"Will this be on the test?"
We've all asked this question before -- asked ourselves, asked a teacher, asked a friend. Usually we don't really stop to think why we're asking this; we just try to figure it out and move on. What happens when the answer is no though? Skip over the information and move on to something else? I know that's what I do and, much more often than not, the things I actually did study are long forgotten a mere 24 hours after the test. But recently this little habit had me wondering why school has, for so many people, been reduced to nothing more than a giant test.
The other week my English teacher came in and asked the class, "Why does any of this matter?". After all, out of the many different things we're taught in school, the ability to interpret some silly Shakespeare play seems to rank up there with the least important things we'd need in life.
Subjects like math, science, and history could be seen as useful information for those wanting to become businessmen, engineers, and lawyers. So who needs literature besides those wanting to become teachers who'll pass on the information to the next generation of uninterested kids?
As we discussed it more and more, it seemed to become a matter of what we wanted out of life. As we followed the path of those who didn't want to learn, but wanted to get good grades and get into college, we realized that all that came next was to get a good job, make lots of money, and die. Although school has seemed to come to revolve around getting a diploma and earning money, there's so much more to it. It's about learning how to think in a more mature way each and every year.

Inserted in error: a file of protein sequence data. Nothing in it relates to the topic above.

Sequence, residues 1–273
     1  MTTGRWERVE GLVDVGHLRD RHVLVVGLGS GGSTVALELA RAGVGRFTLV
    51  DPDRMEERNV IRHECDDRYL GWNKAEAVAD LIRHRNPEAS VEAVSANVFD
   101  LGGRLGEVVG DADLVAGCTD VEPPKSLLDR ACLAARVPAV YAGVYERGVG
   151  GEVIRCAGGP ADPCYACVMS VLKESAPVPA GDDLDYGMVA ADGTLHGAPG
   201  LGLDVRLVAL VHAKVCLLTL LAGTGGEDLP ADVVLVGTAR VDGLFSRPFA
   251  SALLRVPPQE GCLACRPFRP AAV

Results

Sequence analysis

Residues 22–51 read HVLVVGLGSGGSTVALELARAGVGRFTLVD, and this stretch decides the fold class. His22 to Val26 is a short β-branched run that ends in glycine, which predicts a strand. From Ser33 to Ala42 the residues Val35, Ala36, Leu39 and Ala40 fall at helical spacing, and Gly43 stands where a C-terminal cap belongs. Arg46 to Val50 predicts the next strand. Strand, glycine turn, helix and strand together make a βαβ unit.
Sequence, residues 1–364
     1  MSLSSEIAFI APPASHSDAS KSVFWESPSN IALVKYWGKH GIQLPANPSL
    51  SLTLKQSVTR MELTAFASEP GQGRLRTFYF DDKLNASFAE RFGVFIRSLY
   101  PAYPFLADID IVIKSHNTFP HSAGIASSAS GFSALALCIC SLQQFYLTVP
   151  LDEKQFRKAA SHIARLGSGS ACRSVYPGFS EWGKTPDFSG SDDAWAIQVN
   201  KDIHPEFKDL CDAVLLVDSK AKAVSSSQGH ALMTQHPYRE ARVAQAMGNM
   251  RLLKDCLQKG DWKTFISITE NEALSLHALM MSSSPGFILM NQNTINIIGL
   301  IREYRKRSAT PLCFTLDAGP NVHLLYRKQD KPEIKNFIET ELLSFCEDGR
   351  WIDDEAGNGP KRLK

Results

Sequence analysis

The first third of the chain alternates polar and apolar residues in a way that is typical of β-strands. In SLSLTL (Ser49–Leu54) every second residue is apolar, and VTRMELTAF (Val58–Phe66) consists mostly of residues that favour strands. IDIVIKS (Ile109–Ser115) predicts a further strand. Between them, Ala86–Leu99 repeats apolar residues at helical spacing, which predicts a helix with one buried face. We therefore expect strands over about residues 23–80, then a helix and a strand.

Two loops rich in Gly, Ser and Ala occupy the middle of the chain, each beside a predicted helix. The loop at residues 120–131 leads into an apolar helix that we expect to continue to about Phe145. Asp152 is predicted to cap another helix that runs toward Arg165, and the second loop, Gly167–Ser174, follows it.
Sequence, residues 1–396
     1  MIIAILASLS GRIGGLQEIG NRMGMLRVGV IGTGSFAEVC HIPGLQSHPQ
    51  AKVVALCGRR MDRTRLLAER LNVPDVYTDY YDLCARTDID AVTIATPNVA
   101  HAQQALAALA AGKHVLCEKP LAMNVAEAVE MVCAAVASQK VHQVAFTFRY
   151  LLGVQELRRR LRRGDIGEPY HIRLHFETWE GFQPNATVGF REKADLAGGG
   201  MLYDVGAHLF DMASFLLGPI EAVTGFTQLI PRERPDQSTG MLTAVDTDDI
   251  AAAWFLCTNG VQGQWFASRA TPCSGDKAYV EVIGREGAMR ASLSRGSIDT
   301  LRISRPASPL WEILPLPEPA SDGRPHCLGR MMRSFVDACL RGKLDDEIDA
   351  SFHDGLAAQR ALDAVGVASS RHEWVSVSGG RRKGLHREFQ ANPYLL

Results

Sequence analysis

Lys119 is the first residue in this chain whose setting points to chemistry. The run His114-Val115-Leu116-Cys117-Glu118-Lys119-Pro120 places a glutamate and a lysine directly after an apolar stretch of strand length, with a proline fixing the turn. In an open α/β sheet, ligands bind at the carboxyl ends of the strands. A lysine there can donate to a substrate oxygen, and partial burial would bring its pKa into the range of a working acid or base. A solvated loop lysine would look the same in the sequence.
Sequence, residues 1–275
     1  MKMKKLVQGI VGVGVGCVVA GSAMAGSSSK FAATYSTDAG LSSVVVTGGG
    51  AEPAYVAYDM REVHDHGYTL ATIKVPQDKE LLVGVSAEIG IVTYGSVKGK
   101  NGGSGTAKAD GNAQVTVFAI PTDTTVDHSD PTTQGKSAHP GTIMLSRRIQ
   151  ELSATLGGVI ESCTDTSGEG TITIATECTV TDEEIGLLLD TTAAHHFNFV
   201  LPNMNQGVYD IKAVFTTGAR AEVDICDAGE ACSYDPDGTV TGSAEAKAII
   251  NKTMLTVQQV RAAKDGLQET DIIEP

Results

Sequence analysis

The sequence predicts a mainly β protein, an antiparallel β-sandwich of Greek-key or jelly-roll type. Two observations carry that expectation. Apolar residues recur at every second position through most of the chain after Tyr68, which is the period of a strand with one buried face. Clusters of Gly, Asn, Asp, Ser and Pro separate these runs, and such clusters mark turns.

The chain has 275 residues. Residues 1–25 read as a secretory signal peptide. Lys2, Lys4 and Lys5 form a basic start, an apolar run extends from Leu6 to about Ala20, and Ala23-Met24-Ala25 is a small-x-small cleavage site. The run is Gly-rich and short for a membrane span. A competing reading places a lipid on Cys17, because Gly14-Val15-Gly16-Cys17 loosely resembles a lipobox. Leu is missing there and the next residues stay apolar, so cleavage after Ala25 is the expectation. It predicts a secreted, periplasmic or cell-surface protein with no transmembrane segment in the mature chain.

It's not about learning when to use the quadratic equation or factoring by grouping, but learning about different ways to solve a problem. Maybe you won't be developing and testing your hypothesis on fruit-fly behavior, but someday down the road you'll be faced with a question that you'll have to figure out using facts. And hey, I'm pretty sure you'll never in your adult life be forced to give your interpretation on Hamlet's "To be or not to be" soliloquy, but it'll look incredibly snazzy at a dinner party some day (and you might find yourself gaining a new perspective on life).
When it comes down to it, I probably won't remember that obscure day in English class when we learned about the "recurring agrarian theme in Macbeth", but I'll always remember the lesson that teacher taught me about wanting to learn, challenging my ways of thinking, and finding value in every situation that life will present me with.